Our own enemy?


Is ‘the mom stuff’ getting in the way of ‘the office stuff’, probed a female office help at the pantry while I waited for the microwave to reheat my lunch. I looked at her, smiled sweetly, took my lunch and walked off. I felt no compulsion to answer her.

She’s not the only one who has been hinting at “You can’t have it all” in not-so-direct way ever since I have returned to work. With my boi safely with his grandparents, doing his daily activities with aplomb, and showing fewer and fewer signs of separation anxiety, why should I double over in guilt? 

It doesn’t matter a whit about gender, age, marital status or if the person who questions your motherhood parenthood has kids or not. Either they get it – or they don’t. There’s little that you can say that will make them question their line of thinking. Frankly, you should not bother with such kind.

And why should you? Forming an opinion after you have seen somebody’s work is fine. Just like we are assessed at work for our capabilities, or how you grade a human being based on his physical/mental characteristics. And when someone decides to stick their heads deep inside their behinds, and comment on your parenting without ever seeing the child you are raising, try not to resort to violence. Remember, you have a lovely child back home who deserves to see you happy & smiling.

That said, women judging other women’s birth choices, baby milk feeds, kind of pain relief they choose for their children or the kind of school is beyond me. Breast-feeders sneer smugly at the bottle-feeders. Working mother-in-laws don’t think twice when suggesting their daughter-in-laws to stay back home and raise the grandchild. Friends with older kids will sagely shake their heads when you break the news of returning to work leaving your young child in care of grandparents or other care takers. The list is just endless.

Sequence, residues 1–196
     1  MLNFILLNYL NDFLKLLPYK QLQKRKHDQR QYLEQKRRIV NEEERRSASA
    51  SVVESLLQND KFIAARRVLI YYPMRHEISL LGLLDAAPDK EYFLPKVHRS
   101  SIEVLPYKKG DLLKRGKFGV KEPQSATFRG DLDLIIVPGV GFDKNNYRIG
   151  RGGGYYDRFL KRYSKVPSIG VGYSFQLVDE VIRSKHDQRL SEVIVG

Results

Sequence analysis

I did ask a few friends who have chosen to work after having babies and it became clearer that the worst perpetrators of ‘judging a mom’ are not men but women who can render the harshest blows with a glint of evil satisfaction in their eye.

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3 thoughts on “Our own enemy?

  1. This is so true. Did you ever notice that no man would ever as you that question, let alone another man? Interesting isn’t it that we are the ones judged for “trying to have it all” or not staying at home when men have kids it leaves their work life relatively unscathed. It’s tough sometimes too being judged by colleagues who have no kids because you can’t stay late on the fly or came to a meeting unprepared because the kids got into your files and made a mess right before work, but, sadly, it’s not changing anytime soon. best wishes.

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